School Improvement Strategy

Context

Lincoln Anglican Academy Trust (LAAT) is a multi-academy trust formed by the Diocese of Lincoln in October 2013. In September 2018, the Trust will have grown to 14 primary schools, one secondary school and a central team led by CEO, Jackie Waters-Dewhurst. The schools are located across the Diocese of Lincoln in the three local authorities, Lincolnshire, North Lincolnshire and North East Lincolnshire. The schools vary in size with the smallest being Weston St Mary with about 35 pupils on roll. Most schools in the LAAT are considered to be smaller than the national average and most are in rural locations. There are currently about 2600 pupils in the LAAT. The schools entered LAAT representing full spectrum of OfSTED judgements from Special Measures to Outstanding.

Our Vision and Aims

The vision for Lincoln Anglican Academy Trust is for its schools to serve their communities through excellence, exploration and encouragement within the love of God.

Taking strength, purpose and motivation from the belief that every child should be enabled to be all that God intends, LAAT aims to:

  • Transform the chances of individual pupils
  • Use the collective strength within the Trust and other schools in the Diocese of Lincoln
  • Be fully inclusive to all
  • To support and develop all staff to be the best that they can be
  • Be sustainable through the expertise within the organisation, through partnership with our current good or better schools and external partners
  • Bring strength, motivation and purpose through the belief that every child should be enabled to be all that God intended
  • Be distinctive and unique in character relevant to the context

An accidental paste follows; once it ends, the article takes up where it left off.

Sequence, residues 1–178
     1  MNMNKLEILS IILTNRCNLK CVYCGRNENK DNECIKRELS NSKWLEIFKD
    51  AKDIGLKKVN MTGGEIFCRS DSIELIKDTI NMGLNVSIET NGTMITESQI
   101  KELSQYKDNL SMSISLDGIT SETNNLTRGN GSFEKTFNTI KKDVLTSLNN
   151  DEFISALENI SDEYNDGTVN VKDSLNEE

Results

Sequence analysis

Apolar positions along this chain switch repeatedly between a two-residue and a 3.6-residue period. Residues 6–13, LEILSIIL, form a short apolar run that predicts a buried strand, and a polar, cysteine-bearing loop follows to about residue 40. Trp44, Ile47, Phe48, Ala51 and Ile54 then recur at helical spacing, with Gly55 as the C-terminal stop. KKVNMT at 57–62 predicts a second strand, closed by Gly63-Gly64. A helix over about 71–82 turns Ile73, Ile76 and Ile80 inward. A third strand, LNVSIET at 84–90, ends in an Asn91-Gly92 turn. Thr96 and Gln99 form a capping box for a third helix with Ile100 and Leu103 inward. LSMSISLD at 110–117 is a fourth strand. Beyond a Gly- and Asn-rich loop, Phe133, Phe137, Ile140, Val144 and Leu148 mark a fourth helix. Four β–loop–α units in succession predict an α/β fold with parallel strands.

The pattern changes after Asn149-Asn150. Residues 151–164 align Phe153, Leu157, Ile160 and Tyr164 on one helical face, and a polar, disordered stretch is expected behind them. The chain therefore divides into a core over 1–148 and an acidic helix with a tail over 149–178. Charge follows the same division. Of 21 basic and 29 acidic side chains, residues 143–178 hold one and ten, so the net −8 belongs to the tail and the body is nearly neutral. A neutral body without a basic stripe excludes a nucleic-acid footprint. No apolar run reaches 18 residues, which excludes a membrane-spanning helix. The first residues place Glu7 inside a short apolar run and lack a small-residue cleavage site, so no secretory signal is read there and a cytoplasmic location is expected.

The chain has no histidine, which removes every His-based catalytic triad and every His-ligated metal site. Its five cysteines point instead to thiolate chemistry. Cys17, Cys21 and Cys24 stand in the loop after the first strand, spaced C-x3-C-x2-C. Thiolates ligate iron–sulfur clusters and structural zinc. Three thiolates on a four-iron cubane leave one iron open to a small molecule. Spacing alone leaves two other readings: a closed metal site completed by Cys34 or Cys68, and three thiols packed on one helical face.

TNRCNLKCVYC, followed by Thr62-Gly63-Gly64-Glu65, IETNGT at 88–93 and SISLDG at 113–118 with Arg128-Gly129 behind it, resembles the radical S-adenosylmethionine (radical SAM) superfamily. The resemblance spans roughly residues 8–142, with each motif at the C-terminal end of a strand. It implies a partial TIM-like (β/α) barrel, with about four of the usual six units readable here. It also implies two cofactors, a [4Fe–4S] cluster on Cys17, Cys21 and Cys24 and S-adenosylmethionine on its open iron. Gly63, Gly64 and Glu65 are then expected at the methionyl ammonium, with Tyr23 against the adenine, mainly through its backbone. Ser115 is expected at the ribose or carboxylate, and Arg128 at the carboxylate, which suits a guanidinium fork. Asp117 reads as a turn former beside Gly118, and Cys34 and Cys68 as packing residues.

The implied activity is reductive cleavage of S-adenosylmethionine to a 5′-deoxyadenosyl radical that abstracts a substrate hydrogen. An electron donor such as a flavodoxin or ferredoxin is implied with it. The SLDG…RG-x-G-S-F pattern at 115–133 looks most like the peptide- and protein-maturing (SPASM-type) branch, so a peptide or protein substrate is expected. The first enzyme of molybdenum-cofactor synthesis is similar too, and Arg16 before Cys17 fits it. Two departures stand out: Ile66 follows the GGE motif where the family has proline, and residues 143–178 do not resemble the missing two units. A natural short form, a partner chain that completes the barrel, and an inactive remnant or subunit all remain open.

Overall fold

• To realise this vision and achieve these aims, school improvement must be at the core of what the Trust does.

The aspirational and measurable outcomes of LAAT are:

  • All teaching to be good or better
  • Every child to feel (and be) safe
  • Every child to make at least the nationally expected levels of progress
  • Every child to be prepared for their future lives and their place in community
  • Every Academy to be well led and governed
  • All teachers motivated to self-improve and aspire to excellence
  • All church academies to be judged good or better in the SIAMS Inspections

Education due diligence

Before a school enters the LAAT, the Trust undertakes a range of due diligence activities to get a clear understanding of the school’s strengths and areas for development in terms of pupil outcomes, the quality of teaching, learning and assessment, pupil behaviour, welfare and safety and leadership. Diligence activities include a review of external reports such as inspection reports, performance data, the current SDP and SEF. Discussions are held with senior leaders and governors around key priorities for development and there are joint monitoring activities such as a learning walks, lesson observations and a scrutiny of pupils’ work. A signature of risk form is completed. It is through these due diligence activities, the LAAT is able to determine the level of risk evident and the type of support required to improve pupil outcomes and achieve the LAAT vision for its academies.